literary masterminds in the short story landscape
As short stories, these pieces of literature are quick, one-sitting reads. Their succinct styles embody all the intensity of larger works of writing, but pack a quick and very effective punch that drives points home in hugely effective ways. Carefully and artfully crafted, every word in a short story counts and every sentence carries meaning. These three stories all inspire reflection on who we are and what we do.
“The Lottery” by Shirley Jackson
Written in the late 40s, this story initially received negative responses; it disturbed people enough for them to send hate mail and even unsubscribe from “The New Yorker”, where the piece was first published. Since then, however, it has become a classic American short story, a piece everyone should read and think about.
“The Lottery” takes place over a matter of hours on a clear, sunny June day, in the middle of small town America. On this day, all 300 residents of the town gather in the main square to perform their annual inauguration ceremony to welcome the upcoming harvest season. This tradition-soaked event is referred to as “the lottery.” Families take turns drawing numbers from a large black box on the main stage in the plaza and tension builds as rumors spread about other communities nearby. People question whether or not the other towns might be giving up the lottery, a tradition that has been around for as long as the last living memory can recount.
Jackson frames this mysterious lottery as an intense ritualistic performance. Yet soon it becomes obvious that the townspeople are simply following through the process of the lottery without truly thinking about their actions. When the announcer says it’s time to grab stones, they grab stones because their parents grabbed stones. They yell because their grandparents yelled. They throw because everyone throws. Through the story, Jackson shows the danger of mindless acceptance of tradition. She reminds you to think about what you do and why you do it.
“Harrison Bergeron” by Kurt Vonnegut
Vonnegut’s satirical short story, written in 1961, is laden with a heavy dose of subliminal criticism towards egalitarian policy and authoritative governments. He crafted a story to spotlight the dangers of total social equality and highlight the risks that emerge when measures are taken to actively level society. The story is as extreme as it is stirring, with action, thought, allure, and everything in between.
In the eerie future of 2081, everyone is equal. Literally equal. Because of amendments passed to the American constitution, no one is smarter, no one is uglier, no one is weaker, or faster, or happier, or more interesting. To attain this physical and mental equality, the government uses various techniques invariably amounting to torture: radio blasting the minds of those with “above-average” intelligence, weight bags around the necks of those “too strong,” and face masks on those “disturbingly pretty.” As for people that are too far above average, the government doesn’t hesitate to kill, all in the name of equality.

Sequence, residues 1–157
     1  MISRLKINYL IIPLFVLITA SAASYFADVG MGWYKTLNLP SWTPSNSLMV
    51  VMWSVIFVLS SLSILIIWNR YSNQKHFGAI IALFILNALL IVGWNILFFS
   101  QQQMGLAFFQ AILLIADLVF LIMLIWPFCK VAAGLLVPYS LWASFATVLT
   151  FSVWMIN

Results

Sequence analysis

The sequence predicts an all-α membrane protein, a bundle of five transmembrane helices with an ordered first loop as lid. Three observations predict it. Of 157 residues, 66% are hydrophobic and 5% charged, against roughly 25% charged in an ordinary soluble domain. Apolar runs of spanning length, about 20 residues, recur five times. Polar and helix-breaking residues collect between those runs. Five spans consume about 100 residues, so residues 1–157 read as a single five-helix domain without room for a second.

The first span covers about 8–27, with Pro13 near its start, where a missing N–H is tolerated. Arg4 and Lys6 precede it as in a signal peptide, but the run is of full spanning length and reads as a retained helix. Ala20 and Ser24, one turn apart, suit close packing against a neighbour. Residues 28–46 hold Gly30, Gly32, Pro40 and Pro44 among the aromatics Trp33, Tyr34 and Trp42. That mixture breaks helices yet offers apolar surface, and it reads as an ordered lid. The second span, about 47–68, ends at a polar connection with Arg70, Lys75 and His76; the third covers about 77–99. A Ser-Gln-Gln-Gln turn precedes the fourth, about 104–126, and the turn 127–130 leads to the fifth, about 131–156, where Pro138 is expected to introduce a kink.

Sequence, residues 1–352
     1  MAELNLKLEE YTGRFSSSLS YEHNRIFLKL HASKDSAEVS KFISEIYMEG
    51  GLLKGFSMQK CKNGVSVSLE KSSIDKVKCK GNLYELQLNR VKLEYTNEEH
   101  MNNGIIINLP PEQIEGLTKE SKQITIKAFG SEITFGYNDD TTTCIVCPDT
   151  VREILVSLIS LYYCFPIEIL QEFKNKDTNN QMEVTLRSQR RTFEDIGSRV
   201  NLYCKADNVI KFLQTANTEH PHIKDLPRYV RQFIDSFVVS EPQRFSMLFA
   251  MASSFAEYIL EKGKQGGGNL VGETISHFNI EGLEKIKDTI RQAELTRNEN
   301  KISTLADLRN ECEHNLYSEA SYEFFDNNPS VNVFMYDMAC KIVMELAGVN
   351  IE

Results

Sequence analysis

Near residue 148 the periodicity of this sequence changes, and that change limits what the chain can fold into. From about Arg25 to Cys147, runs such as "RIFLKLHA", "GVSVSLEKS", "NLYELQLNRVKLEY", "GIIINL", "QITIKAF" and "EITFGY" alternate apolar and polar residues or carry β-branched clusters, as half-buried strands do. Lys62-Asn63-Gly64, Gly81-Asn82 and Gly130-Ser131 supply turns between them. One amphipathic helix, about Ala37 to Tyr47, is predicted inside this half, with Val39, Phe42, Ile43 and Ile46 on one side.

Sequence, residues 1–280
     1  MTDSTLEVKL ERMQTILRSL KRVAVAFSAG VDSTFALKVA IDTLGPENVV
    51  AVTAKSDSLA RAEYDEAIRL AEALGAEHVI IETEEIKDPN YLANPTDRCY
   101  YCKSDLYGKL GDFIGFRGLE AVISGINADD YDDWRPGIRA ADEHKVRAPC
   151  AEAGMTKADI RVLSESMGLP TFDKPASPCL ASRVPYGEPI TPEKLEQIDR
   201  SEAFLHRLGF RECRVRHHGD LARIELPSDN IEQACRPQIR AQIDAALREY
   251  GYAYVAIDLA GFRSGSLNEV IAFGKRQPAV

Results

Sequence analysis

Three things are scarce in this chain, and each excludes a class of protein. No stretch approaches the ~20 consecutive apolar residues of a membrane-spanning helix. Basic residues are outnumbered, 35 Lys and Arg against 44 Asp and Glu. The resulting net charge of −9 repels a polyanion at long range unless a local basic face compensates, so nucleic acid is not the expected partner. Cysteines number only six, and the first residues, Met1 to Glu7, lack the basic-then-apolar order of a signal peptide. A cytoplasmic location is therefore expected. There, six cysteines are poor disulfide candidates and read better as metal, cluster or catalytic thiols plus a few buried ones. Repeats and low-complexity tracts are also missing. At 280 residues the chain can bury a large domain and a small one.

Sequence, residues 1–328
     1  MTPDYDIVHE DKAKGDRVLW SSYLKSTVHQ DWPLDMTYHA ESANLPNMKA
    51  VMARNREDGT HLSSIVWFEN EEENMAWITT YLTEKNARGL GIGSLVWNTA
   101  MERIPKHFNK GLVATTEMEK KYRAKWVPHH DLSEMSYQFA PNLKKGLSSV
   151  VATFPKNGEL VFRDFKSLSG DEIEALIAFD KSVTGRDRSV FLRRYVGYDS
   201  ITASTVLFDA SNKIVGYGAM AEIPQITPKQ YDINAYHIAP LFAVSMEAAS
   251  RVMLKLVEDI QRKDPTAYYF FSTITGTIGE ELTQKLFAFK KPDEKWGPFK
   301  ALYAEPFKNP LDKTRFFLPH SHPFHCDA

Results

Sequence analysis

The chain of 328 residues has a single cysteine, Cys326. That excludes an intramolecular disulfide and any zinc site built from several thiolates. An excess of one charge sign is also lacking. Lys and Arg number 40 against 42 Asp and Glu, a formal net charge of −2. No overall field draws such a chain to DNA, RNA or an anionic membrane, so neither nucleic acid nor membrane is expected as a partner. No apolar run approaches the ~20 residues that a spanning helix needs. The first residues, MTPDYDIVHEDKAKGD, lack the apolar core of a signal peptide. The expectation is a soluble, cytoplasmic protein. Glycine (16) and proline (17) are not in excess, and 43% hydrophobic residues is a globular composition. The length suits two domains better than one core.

The story follows the parents of young Harrison, who is thrown in jail for his “above average” intelligence, looks, and demeanor. His father has been severely handicapped with weights and a radio noise system blasting his thoughts every couple minutes, but his mother, on the other hand, is essentially left as she was born, largely air-headed and flighty. They spend an afternoon together watching the breaking news of a day in “equalized” society unfold.
Vonnegut makes a strong case with this story. He shows that as “equality” is achieved, it comes at a great cost: Society spirals down into a community of slow and bullheaded people who are scared of themselves and the government. Vonnegut proposes that such equality, in both process and outcome, resembles danger more than any other kind of ideal. He turns the idea of perfect utopian equality into a scary dystopia, forcing us to ask what the world would be like if everyone was rendered equal. Is total equality really what we want? Where would our freedom go? Where would individual achievement go? Where would we go? Vonnegut drives these hard, albeit important, questions into the open so the reader can’t escape without first addressing them.
“A Very Old Man With Enormous Wings” by Gabriel García Márquez
Nobel Prize-winning author Gabriel García Márquez published “Leaf Storm”, a collection of short stories, in 1955. With this compilation he laid one of the first foundational stones for the magical realism genre that changed the literary landscape in Latin America and rapidly proliferated throughout the world.
In one story, “A Very Old Man With Enormous Wings,” García Márquez sets up a picturesque seaside town where, one day, a villager finds a washed up old man lying on the beach. The man is weathered and appears senile, and the villager discovers that the man has long wings sprouting from his back. The villager runs to his wife and they decide to bring the old man in, identifying him as possibly an angel. They keep him out in their chicken coop until further notice. Soon, as word spreads of this mysterious man, crowds draw from around the world to examine the new creature. The town is challenged by the presence of the old man with wings and they are forced to respond to take a stand on how they want to treat outsiders within the community.
García Márquez showcases the rare coexistence of cruelty and compassion that subsists in human nature. With his signature magical flair, he uses careful and exquisite imaginative detail to dig even deeper into the human psyche and extrapolates conditions of humanity that can leave us with a potent concoction of guilt, admiration, and thankfulness.